I admit I didn’t immediately associate Freeport-McMoRan or The Shaw Group with any bad press. I did know that mining companies are in the same class as oil companies, so I took a look on the Internet. It didn’t take long to find some very disturbing news about the environmental history and practices attached to these two companies. The actions described are not fostering my trust. Check out the links at the end of diary for more information.

Taking a step back, our 1920s house probably has lead paint buried under several layers of acrylic based paint. Being nearly 90 years old, the layers of paint have built up over time. This means that the first coats of paint are old and brittle and the paint randomly chips free. Another consideration is that the troubled patch of dirt in the back yard is a prime spot for dumping household chemicals, historically a popular practice among many people. Since lead levels are their only concern here, I’m not inclined to solely put the blame on the mining operations. The stated Freeport-McMoRan cleanup level for lead is 425 ppm. The new EPA standards states lead is considered a hazard when equal to or exceeding . . . 400 parts per million (ppm) of lead in bare soil in children's play areas or 1200 ppm average for bare soil in the rest of the yard (Last updated on 11/08/2010).
After serious consideration, I’m thinking that I do not want to participate in the soil remediation program but my partner is concerned about the property value. The test levels for our backyard seem not high enough for us to be overly concerned about our health and we don’t have young children living with us to worry about.

Wild Mustard
In respect to our property value, I plan to use an alternative clean up solution called Phytoremediation. Phytoremediation is the practice of using plants to remove pollutants from the environment. Studies have shown that sunflowers pull arsenic and lead out of soil. Brassicas, particularly Indian mustard, are also hyper accumulators of arsenic and other metals.

Research data is sketchy, but I did learn that it is important that the expired plants, full of toxic waste, are removed and safely disposed of. I haven’t found anything about the best type of sunflowers to use nor if the seeds hold pollutants. Pictured above is a type of mustard that grows wild in the yard. I’m trying to identify it to know if it should be pulled up and disposed of because of our arsenic levels or should I use it to amend the soil. My best guess in identification is Sisymbrium irio, London Rocket.  Perhaps one of my readers can offer their insight on these questions.

I intend to have the soil tested next winter, after a season of sunflower treatment. The data Freeport-McMoRan provided to us will be useful because it gives us a baseline for my experiment.

I couldn’t ask for a more beautiful possible solution to the lead and arsenic problem. The real problem is the possibility that mining on a large scale will return to the area and how that will affect our unique community.

The Bermuda Lawn update:
Morning Snow, February 2011
Freeport-McMoRan’s soil program crew picked up some dirt samples on the city’s land in front where the Public Works crew removed the grass and soil. I have to wait and see what that means for my plans. I have already landscaped part of it. In vacant areas, the Bermuda grass appears to be dormant and although it has been sunny, it is very chilly. I’ll take this as a sign for me to give my project a rest.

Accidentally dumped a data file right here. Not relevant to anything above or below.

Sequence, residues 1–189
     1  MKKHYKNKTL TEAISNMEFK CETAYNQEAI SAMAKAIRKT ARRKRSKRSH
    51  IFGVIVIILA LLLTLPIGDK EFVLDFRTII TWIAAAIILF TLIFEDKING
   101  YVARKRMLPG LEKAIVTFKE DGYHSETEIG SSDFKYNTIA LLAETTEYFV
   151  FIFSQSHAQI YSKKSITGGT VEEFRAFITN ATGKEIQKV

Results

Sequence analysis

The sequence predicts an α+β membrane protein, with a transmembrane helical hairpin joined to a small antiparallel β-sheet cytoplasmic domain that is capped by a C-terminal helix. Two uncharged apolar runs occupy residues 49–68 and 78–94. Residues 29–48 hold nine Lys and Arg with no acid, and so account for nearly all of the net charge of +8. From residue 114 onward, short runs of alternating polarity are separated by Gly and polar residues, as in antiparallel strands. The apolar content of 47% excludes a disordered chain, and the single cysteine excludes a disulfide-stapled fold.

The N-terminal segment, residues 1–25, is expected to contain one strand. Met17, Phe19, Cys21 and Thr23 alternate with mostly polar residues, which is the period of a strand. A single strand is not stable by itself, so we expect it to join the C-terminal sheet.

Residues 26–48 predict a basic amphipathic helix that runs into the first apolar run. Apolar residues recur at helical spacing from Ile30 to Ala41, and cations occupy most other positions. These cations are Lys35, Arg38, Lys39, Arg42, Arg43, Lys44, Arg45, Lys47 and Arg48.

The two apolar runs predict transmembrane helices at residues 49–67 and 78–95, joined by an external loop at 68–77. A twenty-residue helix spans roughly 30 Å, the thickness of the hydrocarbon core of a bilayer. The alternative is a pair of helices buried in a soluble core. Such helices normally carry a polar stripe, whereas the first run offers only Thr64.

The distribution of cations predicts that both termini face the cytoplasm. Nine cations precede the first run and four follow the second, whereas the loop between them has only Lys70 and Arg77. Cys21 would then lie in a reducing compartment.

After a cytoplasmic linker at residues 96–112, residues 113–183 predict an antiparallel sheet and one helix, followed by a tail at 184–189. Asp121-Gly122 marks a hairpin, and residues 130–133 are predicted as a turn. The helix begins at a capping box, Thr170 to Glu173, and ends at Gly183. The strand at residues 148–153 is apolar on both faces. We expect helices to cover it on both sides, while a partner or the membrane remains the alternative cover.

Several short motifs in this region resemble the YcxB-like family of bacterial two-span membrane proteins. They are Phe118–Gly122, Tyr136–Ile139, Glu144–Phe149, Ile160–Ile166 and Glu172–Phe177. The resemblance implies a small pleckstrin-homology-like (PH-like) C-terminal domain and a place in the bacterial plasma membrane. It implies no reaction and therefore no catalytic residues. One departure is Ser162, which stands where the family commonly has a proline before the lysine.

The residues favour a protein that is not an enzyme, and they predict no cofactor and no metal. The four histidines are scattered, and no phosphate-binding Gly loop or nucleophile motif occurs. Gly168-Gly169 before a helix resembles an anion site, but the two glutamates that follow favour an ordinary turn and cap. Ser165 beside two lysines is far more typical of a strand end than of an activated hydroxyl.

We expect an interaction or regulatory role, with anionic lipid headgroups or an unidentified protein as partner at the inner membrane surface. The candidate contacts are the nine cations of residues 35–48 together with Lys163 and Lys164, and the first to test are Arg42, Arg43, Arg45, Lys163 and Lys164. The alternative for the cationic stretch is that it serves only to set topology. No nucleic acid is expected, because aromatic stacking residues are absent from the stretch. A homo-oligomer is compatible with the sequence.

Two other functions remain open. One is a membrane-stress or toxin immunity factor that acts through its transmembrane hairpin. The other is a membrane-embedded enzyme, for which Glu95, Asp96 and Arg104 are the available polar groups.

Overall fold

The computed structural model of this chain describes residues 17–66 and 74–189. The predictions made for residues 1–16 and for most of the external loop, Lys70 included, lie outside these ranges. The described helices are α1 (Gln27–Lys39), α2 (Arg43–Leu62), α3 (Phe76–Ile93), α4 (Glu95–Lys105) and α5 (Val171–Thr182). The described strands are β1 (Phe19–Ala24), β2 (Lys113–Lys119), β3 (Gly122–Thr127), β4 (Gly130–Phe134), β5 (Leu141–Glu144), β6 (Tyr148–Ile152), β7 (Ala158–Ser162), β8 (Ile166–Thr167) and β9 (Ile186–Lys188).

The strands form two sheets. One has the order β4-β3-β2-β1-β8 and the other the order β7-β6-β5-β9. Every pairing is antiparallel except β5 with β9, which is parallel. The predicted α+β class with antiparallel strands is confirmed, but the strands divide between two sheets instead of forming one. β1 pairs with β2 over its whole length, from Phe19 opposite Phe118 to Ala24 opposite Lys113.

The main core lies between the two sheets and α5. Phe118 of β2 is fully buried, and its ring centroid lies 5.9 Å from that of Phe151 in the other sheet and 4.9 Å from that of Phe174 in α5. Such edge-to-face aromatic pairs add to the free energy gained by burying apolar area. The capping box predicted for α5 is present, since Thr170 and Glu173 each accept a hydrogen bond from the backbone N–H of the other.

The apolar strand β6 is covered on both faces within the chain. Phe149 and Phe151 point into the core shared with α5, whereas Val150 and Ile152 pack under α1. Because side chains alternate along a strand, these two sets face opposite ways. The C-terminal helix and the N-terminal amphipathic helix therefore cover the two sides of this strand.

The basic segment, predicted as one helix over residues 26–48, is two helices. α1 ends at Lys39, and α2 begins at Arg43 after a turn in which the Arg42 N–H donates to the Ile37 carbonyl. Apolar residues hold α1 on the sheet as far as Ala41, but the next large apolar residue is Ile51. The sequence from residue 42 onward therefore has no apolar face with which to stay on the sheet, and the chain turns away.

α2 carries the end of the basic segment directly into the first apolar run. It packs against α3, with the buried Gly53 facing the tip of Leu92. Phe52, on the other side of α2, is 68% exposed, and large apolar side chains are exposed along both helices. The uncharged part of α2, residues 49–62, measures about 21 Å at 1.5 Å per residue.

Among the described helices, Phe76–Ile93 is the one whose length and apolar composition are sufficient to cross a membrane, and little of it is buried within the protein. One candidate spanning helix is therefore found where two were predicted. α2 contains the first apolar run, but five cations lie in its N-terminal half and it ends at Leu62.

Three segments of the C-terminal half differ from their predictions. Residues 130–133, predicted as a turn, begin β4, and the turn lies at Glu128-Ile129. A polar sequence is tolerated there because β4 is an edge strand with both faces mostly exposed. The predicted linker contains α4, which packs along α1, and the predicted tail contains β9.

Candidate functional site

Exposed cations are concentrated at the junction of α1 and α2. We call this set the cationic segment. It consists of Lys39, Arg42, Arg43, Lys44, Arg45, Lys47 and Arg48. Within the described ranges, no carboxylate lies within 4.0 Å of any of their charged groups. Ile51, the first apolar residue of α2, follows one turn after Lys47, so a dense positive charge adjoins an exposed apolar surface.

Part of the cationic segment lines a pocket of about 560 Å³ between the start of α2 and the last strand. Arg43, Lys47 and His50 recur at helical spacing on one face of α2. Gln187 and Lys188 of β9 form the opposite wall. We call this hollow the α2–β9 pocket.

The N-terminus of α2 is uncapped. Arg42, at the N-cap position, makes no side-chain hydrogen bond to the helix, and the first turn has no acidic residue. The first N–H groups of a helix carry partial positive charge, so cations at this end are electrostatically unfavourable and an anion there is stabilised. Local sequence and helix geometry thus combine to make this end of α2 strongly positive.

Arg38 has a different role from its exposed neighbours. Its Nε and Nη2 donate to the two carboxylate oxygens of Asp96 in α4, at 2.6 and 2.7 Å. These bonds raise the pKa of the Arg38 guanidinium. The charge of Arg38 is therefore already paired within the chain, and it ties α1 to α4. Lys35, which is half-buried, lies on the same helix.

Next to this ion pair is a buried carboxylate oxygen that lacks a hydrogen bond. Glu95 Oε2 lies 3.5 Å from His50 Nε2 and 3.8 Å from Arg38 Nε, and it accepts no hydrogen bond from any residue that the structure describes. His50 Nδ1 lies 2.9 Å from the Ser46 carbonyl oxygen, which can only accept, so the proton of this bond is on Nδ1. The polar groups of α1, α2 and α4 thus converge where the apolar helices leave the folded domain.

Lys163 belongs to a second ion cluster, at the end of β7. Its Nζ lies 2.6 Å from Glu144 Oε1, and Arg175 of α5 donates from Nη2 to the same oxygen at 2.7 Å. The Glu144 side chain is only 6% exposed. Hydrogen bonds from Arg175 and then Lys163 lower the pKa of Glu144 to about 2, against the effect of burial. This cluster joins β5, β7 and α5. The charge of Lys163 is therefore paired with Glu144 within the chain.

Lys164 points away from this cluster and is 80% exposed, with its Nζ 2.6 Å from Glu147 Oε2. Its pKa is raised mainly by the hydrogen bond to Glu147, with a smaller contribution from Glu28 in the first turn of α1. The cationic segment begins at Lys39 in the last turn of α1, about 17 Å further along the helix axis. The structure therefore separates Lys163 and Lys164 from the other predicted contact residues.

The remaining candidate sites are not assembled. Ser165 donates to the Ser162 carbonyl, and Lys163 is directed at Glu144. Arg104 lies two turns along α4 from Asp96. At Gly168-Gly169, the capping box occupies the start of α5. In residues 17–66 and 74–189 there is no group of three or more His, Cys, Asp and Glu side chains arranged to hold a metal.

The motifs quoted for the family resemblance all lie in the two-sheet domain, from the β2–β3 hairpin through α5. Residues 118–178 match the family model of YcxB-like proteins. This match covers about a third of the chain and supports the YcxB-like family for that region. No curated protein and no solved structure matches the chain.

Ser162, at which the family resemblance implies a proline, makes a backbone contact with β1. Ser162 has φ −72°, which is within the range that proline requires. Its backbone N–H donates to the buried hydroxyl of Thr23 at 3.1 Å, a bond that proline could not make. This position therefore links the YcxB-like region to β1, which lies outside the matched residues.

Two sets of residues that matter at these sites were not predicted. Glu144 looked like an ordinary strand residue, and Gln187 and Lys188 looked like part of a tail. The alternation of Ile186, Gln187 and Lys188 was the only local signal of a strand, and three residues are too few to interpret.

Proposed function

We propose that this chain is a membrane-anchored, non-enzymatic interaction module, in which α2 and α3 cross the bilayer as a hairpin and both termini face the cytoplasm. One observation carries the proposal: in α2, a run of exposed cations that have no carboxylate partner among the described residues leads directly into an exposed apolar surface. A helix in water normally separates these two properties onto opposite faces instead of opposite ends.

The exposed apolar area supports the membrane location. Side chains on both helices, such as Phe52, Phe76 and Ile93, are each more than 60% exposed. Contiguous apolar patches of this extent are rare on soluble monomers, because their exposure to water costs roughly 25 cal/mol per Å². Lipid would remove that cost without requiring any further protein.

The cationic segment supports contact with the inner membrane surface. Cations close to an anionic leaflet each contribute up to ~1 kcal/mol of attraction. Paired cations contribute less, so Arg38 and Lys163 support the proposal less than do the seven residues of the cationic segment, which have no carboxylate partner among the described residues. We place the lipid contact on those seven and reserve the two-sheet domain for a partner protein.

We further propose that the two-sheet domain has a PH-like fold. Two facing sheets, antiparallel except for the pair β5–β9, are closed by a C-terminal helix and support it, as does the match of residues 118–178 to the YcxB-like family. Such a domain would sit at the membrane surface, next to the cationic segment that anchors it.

More Reading:


Keep Western New York Beautiful (KWNYB): Programs‎ > ‎Green-to-Clean‎ > ‎

Our Garden Gang: Organic Ade > Suck It Up!

Freeport-McMoRan, a U.S. corporation headquartered in Phoenix, Arizona, the Grasberg Mine is one of the world’s largest single producers of both copper and gold, and contains the largest recoverable reserves of copper and the largest single gold reserve in the world, according to Freeport-McMoRan.
·      Massive environmental destruction: the mine has already disposed of one billion tons of tailings into the local river system
·      Significant support to the Indonesian government and military ($20 million 1998 through 2004)
·       Serious human rights violations: indiscriminate killings, torture and disappearances of local people in their safeguarding of the mine operations and their campaigns against West Papuan secessionists By Heathlander

The Shaw Group: The Shaw Group
Shaw has over 30 years of experience in managing wastes of all types, including radioactive, mixed, hazardous, and sanitary. They work closely with federal, state, and local regulators to ensure safety and compliance in the handling, processing, treating, transporting, and disposal of these wastes.
·       In 2010 Shaw was ordered by The U.S. Nuclear Regulatory Commission to improve the way it responds to safety complaints from employees, following the firing of an employee who felt substandard protective paint coatings were being applied to critical parts of a nuclear plant's cooling systems.
·       As part of Shaw's work providing 24,000 FEMA trailers (to Katrina victims), the company was cited after explosions for failing to follow proper safety standards.

Douglas Smelter Environmental History:
January 07, 1985|United Press International
Much of the railroad is now torn up, but the mining and smelter towns it served near Mexico remain--part of the so-called Gray Triangle where pilots must plow their crafts through tons of airborne sulfur dioxide.
By next year, two smelters in northern Mexico and a Phelps Dodge facility in Douglas could pour 2,700 tons of sulfur dioxide into the atmosphere daily.
That would be equal to 80% of all the sulfur dioxide produced in the West, including that from coal-fired power plants.